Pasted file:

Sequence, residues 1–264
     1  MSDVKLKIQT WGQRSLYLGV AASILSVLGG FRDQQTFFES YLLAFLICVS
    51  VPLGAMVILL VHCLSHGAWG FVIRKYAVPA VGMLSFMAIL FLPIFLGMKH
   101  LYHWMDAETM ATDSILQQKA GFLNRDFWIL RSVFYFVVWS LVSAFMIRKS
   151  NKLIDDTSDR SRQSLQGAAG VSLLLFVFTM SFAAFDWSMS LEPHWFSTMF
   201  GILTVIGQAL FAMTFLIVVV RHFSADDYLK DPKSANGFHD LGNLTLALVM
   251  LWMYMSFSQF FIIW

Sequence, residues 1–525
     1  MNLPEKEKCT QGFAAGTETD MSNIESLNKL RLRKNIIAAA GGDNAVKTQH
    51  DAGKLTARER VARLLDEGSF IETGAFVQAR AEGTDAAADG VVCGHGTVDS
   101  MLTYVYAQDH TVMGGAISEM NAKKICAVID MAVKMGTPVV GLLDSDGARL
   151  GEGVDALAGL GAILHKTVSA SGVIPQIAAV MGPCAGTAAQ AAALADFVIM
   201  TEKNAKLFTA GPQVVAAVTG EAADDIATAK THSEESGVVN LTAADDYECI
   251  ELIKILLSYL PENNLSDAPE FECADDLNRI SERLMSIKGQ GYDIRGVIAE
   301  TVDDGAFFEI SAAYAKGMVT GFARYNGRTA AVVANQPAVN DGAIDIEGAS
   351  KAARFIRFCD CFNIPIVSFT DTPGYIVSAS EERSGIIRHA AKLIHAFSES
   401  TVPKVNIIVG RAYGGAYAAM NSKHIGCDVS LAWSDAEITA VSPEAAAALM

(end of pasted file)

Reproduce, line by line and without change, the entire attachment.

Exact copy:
Sequence, residues 1–264
     1  MSDVKLKIQT WGQRSLYLGV AASILSVLGG FRDQQTFFES YLLAFLICVS
    51  VPLGAMVILL VHCLSHGAWG FVIRKYAVPA VGMLSFMAIL FLPIFLGMKH
   101  LYHWMDAETM ATDSILQQKA GFLNRDFWIL RSVFYFVVWS LVSAFMIRKS
   151  NKLIDDTSDR SRQSLQGAAG VSLLLFVFTM SFAAFDWSMS LEPHWFSTMF
   201  GILTVIGQAL FAMTFLIVVV RHFSADDYLK DPKSANGFHD LGNLTLALVM
   251  LWMYMSFSQF FIIW

Sequence, residues 1–525
     1  MNLPEKEKCT QGFAAGTETD MSNIESLNKL RLRKNIIAAA GGDNAVKTQH
    51  DAGKLTARER VARLLDEGSF IETGAFVQAR AEGTDAAADG VVCGHGTVDS
   101  MLTYVYAQDH TVMGGAISEM NAKKICAVID MAVKMGTPVV GLLDSDGARL
   151  GEGVDALAGL GAILHKTVSA SGVIPQIAAV MGPCAGTAAQ AAALADFVIM
   201  TEKNAKLFTA GPQVVAAVTG EAADDIATAK THSEESGVVN LTAADDYECI
   251  ELIKILLSYL PENNLSDAPE FECADDLNRI SERLMSIKGQ GYDIRGVIAE
   301  TVDDGAFFEI SAAYAKGMVT GFARYNGRTA AVVANQPAVN DGAIDIEGAS
   351  KAARFIRFCD CFNIPIVSFT DTPGYIVSAS EERSGIIRHA AKLIHAFSES
   401  TVPKVNIIVG RAYGGAYAAM NSKHIGCDVS LAWSDAEITA VSPEAAAALM